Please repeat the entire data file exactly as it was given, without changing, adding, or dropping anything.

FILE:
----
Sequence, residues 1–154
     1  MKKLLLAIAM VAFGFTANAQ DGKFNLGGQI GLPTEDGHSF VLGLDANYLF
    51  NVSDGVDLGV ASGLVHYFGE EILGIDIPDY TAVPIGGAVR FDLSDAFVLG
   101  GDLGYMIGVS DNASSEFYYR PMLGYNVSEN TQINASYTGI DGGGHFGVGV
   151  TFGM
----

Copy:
Sequence, residues 1–154
     1  MKKLLLAIAM VAFGFTANAQ DGKFNLGGQI GLPTEDGHSF VLGLDANYLF
    51  NVSDGVDLGV ASGLVHYFGE EILGIDIPDY TAVPIGGAVR FDLSDAFVLG
   101  GDLGYMIGVS DNASSEFYYR PMLGYNVSEN TQINASYTGI DGGGHFGVGV
   151  TFGM